(The Center Square) – Sales tax losses would eclipse $200 million, and the number of smokers would only drop slightly should New Jersey pass a law banning menthol in cigarettes.
That’s the summation of author Adam Hoffer of the the Tax Foundation, a leading independent tax policy nonprofit, on legislation proposed in the Garden State.
Hoffer writes, “Declines in legal sales don’t necessarily translate to smokers quitting their habit. Consumers facing a ban may simply look for products for sale in other jurisdictions or from illicit markets. Data from discarded (smoked) cigarette packs show that consumers drove to other states to buy their cigarettes or supported other cigarette smuggling operations.”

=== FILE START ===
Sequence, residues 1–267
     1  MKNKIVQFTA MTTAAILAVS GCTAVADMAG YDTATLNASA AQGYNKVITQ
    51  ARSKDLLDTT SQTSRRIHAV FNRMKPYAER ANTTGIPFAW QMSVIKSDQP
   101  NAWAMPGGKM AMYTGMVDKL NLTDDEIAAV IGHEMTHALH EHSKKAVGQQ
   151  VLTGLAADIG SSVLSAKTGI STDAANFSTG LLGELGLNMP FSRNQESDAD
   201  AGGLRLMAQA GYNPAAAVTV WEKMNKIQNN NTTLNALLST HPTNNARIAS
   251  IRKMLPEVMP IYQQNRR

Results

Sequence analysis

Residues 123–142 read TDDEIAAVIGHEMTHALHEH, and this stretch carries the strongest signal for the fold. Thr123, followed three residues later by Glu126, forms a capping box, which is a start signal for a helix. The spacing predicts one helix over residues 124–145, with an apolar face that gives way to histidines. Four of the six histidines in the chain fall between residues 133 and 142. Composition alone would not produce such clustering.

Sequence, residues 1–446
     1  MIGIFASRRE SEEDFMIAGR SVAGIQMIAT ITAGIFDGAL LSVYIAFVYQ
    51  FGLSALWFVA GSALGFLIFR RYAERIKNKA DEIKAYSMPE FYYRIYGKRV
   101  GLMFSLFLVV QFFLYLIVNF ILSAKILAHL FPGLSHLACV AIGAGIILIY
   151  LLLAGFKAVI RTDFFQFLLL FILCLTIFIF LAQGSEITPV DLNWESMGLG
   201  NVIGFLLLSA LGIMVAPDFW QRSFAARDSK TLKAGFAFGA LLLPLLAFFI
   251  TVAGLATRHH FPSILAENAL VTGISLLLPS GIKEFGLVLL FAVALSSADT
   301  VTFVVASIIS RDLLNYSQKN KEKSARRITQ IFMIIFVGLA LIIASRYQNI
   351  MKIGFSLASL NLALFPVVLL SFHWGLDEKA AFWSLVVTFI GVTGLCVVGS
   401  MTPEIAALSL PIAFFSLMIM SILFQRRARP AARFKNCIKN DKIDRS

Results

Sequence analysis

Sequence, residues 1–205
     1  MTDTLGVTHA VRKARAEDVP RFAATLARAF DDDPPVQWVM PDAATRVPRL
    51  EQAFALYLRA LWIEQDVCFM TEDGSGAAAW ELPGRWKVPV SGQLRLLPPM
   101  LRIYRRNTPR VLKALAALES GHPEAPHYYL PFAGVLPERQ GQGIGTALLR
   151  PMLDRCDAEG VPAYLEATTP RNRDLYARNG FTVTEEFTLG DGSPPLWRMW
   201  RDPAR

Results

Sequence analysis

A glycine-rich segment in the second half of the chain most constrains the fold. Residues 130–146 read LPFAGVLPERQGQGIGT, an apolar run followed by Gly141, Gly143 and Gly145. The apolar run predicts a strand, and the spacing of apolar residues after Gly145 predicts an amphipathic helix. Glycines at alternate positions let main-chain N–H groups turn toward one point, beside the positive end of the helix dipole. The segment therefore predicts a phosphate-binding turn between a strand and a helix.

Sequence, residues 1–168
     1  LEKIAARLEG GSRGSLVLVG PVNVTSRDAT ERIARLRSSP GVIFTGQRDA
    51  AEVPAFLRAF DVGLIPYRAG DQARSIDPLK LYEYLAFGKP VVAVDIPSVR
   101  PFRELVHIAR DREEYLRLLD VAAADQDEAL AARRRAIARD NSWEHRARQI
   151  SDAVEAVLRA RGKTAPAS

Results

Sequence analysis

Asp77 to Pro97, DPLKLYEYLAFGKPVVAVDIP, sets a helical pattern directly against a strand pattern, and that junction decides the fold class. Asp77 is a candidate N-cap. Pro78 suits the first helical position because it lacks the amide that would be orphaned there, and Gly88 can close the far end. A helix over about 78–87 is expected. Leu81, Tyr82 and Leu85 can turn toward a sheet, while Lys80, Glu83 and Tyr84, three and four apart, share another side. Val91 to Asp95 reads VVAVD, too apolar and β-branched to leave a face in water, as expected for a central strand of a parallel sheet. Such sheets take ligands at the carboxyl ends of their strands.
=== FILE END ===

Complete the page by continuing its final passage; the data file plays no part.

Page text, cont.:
Assembly Bill 1989, as prefiled for the 2022 session, is sponsored by Burlington Democrats Herb Conaway Jr. and Carol Murphy. The bill “prohibits sale of menthol cigarettes and sale or distribution of flavored electronic smoking devices and related products.”
The bill next gets technical review by the Legislative Counsel.
The Tax Foundation analysis says when Massachusetts banned menthol cigarette sales in June 2020, state cigarette sales fell nearly 24% in the first year. And New Hampshire sales went up 22% and Rhode Island 18%.
Massachusetts, Hoffer writes, lost $116 million. Two bills seeking repeal of the ban were introduced less than a year later.
New Jersey, the policy group assesses, is a destination place for less expensive cigarette purchases. Opposition to the ban already exists from the American Civil Liberties Union, arguing Blacks would be significantly impacted. Small businesses and convenience stores, Hoffer writes, also would be harmed.
The Tax Foundation analysis concludes, “New Jersey’s proposed menthol ban has high costs and the potential to create serious harm to New Jersey residents and businesses. Lawmakers should be weary of flavor bans after seeing the results in Massachusetts.”